So I interned at Time and did a little bit of junior photo editing, but also a lot of still life in their studio for this new vertical. A lot of me running around terrified that I was taking really bad shots, but ultimately doing okay! In that time, I had a really supportive editor who I’m still friends with, Natalie Matutschovsky. She gave me my first big editorial commission to shoot a survey on summer ice cream, so I had to figure out how to make a still life about that. And oh my god, I was so honored—I remember going to Time’s studio on the weekend to shoot it. It was my first real shoot, and I didn’t have an assistant or anything. I just wanted it to be perfect, and ice cream is such a hard material to work with. Like, just imagine me sobbing with a bajillion ice cream cones, like, Ahhh! But I got it done!

Ice cream still-life for Time‘s ‘The Culture’

All this is to say, Time kind of was the bootcamp for me to understand how to take certain aspects of my fine art practice and figure out how to translate those aspects into commissioned photography. I feel like that’s something every artist has to figure out how to do. How do you collaborate with editors, while still applying the essence of your work? And in my case, how do you get across my lighting, and my sense of color, and my sense of humor in an editorial commission? Time was really the first opportunity that I got to do that, and also understand the process of photo editing, which is something I’ve always saddled with my practice as a photographer. That was in 2012. Since then, I’ve only been freelance for a short period between 2012 to 2022. I’ve worked in house at many magazines as a photo editor, but while shooting and maintaining my practice as an artist.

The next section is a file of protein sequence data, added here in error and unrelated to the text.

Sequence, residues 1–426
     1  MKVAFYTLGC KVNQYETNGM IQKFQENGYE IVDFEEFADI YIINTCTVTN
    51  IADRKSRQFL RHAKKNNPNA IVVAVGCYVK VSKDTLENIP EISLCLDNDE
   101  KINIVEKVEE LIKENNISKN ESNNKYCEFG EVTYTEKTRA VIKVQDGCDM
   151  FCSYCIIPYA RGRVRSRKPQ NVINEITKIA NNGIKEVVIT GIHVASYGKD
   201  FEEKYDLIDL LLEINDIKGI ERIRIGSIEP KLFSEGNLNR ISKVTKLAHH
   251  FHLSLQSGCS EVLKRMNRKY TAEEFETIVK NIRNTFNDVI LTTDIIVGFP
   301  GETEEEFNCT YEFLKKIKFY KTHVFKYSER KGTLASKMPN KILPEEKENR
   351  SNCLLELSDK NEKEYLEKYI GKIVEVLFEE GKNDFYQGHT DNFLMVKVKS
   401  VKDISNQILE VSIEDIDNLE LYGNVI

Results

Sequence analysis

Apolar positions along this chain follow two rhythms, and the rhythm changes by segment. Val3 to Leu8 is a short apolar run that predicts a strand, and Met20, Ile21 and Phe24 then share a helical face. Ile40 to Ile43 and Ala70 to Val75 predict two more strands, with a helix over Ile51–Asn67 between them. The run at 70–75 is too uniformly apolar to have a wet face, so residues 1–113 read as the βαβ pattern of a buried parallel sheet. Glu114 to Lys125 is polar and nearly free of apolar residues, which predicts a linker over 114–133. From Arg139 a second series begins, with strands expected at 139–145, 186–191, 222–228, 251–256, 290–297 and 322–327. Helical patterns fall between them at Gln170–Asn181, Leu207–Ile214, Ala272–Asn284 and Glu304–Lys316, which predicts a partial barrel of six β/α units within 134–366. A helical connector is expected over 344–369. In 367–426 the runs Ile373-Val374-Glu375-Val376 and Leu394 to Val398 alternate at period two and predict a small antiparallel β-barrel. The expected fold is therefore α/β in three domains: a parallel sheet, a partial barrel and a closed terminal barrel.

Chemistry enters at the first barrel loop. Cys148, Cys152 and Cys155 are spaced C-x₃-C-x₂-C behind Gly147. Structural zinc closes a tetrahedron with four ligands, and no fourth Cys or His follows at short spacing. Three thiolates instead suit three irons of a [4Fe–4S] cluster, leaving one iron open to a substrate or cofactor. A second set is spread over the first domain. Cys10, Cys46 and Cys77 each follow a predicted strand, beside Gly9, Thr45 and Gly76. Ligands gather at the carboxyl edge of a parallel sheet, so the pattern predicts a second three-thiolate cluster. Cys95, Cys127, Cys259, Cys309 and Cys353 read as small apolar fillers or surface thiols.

How did you know you were ready to go freelance?

I felt like that came after my time at VICE, where I worked for five years as the Photo Editor. That established my voice a lot, but it also allowed me to take on different projects. I couldn’t work under contract at the kind of glossies I was working at before, like at Time and Marie Claire. At VICE, it was sort of like, “If you have the time, do whatever you want.” A lot of free labor went into that, but it’s also where I was able to really hunker down and focus, because I didn’t have that much time, since I was the only Photo Editor. I really picked and chose what projects I would be doing outside of my work as an editor there, and I feel like that allowed me to carve a path for the kind of commissions that I would want to get moving forward.

Yeah, I feel like the creators who’ve ended up in the best shape after the ‘10s media wave were people who really established their voice and picked a thing they liked. I’ve definitely noticed that you have a very fun, feminine voice, and you’ve managed to build a reputation for yourself through that.